In the interview, Ecologic claims that:

It’s all about motivation and healthy competition. We need to change the way we think. Instead of a stick, we want to give people two carrots.

It’s a pity that for the drivers themselves this translates into three sticks – employer, insurance provider and law enforcement.

Blurry line between private service and public infrastructure

This is an ancient post, published more than 4 years ago.
As such, it might not anymore reflect the views of the author or the state of the world. It is provided as historical record.

This is my NetMundial content proposal, with some typos fixed and minor edits.


ICANN and IANA decentralisation efforts mark an important milestone in the evolution of the Internet: there is finally widespread recognition of the fact that centrally controlled bodies pose a threat to the free and open nature of the Internet. ICANN and IANA are, however, but a small part of a much larger problem.

More and more, communication platforms and methods are secondarily centralized; that is, in a network decentralized on lower protocol levels there are services being run that are centralized on higher levels. Running on a network based on open standards are closed services, that are then used by other entities as base for their services.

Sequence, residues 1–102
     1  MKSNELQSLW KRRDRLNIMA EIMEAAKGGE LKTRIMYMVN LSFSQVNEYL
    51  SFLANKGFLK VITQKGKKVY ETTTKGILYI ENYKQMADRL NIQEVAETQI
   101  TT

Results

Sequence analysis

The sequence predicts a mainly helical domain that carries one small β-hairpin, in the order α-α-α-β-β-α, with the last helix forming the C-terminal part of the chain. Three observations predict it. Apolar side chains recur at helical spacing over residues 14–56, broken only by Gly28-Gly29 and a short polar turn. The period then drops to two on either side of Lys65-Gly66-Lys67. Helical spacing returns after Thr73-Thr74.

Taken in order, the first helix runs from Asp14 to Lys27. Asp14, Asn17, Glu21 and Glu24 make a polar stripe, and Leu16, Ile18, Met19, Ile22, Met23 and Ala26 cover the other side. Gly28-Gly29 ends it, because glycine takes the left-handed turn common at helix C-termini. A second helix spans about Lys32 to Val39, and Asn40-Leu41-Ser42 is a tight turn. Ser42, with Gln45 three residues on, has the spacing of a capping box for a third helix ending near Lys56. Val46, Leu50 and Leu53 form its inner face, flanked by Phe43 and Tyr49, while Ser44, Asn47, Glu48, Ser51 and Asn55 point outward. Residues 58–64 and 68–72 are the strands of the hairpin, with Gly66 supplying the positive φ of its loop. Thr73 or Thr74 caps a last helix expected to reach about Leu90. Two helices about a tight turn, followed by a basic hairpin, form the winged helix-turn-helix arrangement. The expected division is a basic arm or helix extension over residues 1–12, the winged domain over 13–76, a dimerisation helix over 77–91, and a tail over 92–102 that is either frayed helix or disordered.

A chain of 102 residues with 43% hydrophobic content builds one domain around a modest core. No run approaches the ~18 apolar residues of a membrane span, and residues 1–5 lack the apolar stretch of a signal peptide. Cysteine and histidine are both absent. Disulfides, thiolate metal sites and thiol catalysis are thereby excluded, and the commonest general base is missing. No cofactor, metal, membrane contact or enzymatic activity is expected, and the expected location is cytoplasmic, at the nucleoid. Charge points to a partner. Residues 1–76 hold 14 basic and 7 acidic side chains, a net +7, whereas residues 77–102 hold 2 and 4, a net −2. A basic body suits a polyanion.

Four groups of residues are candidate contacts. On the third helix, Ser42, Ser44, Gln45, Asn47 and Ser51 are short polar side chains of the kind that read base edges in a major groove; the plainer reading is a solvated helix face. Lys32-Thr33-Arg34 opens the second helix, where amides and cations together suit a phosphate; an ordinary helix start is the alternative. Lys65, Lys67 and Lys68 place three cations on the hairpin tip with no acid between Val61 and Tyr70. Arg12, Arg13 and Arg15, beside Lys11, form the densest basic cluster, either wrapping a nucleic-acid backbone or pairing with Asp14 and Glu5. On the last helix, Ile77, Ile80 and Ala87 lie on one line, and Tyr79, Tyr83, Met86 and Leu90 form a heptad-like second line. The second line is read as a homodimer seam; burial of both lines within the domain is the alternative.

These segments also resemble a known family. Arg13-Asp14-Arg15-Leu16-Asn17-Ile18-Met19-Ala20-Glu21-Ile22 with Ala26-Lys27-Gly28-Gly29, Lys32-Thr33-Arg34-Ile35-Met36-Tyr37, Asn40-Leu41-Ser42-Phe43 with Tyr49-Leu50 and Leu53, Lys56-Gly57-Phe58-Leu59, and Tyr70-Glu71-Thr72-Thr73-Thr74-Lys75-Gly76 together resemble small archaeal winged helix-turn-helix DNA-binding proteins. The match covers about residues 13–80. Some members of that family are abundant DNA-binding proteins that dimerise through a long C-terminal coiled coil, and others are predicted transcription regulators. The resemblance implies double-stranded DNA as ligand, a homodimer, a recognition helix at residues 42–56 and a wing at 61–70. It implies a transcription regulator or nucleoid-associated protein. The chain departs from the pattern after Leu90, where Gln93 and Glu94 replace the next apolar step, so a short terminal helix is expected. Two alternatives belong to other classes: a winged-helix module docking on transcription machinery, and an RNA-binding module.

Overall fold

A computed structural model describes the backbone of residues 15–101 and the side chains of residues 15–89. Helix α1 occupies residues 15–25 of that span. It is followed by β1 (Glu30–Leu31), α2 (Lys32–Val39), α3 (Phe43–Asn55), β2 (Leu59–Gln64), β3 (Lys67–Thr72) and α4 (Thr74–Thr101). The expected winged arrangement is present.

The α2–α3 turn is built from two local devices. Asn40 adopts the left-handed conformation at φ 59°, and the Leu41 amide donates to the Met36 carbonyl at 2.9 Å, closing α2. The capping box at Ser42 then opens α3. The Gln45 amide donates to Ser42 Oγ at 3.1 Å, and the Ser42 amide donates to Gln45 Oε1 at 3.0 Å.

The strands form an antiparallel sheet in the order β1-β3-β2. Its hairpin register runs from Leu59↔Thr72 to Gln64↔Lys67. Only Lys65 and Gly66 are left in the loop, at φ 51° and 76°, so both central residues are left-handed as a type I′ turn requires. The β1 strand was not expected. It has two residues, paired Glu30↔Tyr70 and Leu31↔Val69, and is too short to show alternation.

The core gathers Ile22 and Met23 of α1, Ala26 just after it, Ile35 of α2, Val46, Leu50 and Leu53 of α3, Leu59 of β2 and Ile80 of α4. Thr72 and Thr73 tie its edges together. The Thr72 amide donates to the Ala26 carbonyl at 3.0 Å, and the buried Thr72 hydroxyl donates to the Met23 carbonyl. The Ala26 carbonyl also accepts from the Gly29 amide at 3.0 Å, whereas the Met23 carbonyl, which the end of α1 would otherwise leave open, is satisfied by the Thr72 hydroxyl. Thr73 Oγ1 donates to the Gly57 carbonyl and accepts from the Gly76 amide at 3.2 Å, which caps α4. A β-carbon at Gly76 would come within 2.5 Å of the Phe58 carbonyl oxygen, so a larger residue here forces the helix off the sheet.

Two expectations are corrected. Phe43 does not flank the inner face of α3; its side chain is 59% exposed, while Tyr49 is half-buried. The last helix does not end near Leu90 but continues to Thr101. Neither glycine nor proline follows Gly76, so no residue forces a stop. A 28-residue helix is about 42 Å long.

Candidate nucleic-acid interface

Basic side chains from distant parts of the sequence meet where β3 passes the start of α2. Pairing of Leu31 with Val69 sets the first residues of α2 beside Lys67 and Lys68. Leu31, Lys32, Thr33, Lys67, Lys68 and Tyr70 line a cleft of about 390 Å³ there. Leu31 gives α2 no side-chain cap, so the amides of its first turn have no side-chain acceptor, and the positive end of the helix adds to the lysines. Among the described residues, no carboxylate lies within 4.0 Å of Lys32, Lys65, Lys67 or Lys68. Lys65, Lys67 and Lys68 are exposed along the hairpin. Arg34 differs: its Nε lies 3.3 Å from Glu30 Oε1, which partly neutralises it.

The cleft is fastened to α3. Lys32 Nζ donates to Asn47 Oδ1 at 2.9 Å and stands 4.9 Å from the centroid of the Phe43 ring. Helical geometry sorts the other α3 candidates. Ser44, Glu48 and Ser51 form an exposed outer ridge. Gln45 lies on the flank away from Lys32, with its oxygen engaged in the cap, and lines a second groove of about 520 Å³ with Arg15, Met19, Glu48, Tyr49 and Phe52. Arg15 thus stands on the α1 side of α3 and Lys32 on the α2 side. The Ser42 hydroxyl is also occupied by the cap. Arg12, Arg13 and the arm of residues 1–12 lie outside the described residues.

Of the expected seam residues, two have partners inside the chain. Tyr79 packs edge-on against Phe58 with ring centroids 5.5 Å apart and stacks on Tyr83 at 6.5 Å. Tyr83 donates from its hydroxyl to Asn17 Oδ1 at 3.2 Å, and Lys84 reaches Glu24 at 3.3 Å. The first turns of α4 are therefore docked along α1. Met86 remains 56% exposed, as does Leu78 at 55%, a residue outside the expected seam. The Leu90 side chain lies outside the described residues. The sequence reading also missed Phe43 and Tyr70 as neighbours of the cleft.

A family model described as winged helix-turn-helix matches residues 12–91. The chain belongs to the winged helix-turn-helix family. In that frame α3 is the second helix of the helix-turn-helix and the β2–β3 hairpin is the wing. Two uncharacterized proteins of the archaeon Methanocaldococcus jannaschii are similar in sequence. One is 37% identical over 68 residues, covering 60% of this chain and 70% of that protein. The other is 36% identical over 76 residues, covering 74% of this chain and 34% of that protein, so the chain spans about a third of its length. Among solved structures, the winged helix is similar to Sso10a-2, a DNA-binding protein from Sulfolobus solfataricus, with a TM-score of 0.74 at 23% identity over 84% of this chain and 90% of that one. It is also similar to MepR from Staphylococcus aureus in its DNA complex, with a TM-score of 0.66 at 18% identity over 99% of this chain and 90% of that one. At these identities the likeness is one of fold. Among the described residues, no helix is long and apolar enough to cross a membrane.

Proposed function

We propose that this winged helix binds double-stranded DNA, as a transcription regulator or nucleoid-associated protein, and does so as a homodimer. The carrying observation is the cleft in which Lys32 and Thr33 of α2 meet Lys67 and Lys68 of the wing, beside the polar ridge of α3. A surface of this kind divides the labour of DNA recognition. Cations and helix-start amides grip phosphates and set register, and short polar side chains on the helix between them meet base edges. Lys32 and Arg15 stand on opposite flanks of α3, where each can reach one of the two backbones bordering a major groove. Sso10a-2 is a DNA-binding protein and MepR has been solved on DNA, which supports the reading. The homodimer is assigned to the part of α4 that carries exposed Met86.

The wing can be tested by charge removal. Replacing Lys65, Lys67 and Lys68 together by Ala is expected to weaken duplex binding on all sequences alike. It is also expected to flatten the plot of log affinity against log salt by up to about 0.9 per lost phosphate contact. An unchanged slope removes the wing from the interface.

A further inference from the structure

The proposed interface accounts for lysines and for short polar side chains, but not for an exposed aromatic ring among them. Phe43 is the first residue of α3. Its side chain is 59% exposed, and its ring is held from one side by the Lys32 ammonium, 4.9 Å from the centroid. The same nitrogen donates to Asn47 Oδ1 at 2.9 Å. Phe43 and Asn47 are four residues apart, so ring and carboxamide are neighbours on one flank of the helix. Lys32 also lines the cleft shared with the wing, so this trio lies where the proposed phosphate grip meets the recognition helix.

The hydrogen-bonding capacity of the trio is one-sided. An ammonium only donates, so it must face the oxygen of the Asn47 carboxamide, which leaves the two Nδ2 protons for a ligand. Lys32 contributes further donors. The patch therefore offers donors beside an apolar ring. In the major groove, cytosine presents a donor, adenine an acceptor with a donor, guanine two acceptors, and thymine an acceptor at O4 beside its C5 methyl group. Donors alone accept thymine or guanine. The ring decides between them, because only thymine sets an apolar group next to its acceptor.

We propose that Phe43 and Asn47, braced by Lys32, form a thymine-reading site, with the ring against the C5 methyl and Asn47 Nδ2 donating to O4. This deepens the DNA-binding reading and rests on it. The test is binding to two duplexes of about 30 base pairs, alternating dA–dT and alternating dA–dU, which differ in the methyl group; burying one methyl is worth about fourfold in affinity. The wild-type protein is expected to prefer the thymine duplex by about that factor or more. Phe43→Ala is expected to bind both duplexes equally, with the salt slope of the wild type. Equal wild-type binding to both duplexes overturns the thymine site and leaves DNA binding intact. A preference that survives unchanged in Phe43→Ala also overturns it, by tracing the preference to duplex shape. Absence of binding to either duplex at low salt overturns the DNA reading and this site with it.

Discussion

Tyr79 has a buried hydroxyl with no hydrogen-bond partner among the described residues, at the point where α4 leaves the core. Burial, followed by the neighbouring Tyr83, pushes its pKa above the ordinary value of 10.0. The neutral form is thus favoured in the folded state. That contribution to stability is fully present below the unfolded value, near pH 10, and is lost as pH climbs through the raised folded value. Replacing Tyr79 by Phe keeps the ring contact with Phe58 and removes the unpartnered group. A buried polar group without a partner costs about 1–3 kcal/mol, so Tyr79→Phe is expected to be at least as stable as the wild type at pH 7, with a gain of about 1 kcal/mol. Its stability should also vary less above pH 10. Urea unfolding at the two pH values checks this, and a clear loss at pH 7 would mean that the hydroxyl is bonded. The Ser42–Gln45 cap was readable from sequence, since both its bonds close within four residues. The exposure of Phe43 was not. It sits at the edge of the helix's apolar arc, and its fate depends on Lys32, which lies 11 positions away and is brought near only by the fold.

In other words, some private services – offering, for example, user authentication methods – are being used as a de facto infrastructure by large numbers of other entities.

If we recognize the dangers of centrally-controlled domain name system, we should surely recognize the danger of this phenomenon also.


It is of great value that the importance of decoupling IP addresses management and the domain name system management from a single state actor has been recognized and that currently there is a strong push towards multistakeholderism in this area.

There is, however, a secondary emergent centralization happening on the Internet, that potentially can pose a comparable, or even bigger, threat to the interconnected, open and independent nature of this global network.

This centralization is harder to perceive as dangerous, as it is not being actively supported by any state actor; hence, it falls under the radar for many Internet activists and technologists, that would react immediately had similar process been facilitated by a government. It does, however, have a potential to bring negative effects similar to a state-sponsored centralization of infrastructure.

Another reason for this process to happen unnoticed or for the possible negative effects of it to be depreciated is that it is fluid and emergent on behaviour of many actors, enforced by the network effect.

This process is most visibly exemplified in Facebook gathering over a 1 billion of users, by providing a centrally-controlled walled-garden, and at the same time offering an API to developers willing to tap-into this vast resource, for example to use it as authentication service. Now, many if not most Internet services requiring log-in as one of their options offer Facebook log-in. Some (a growing number) offer Facebook as the only option. Many offer commenting system devised by Facebook, that does not allow anonymous comments – a user has to have a Facebook account to be able to partake in the discussion.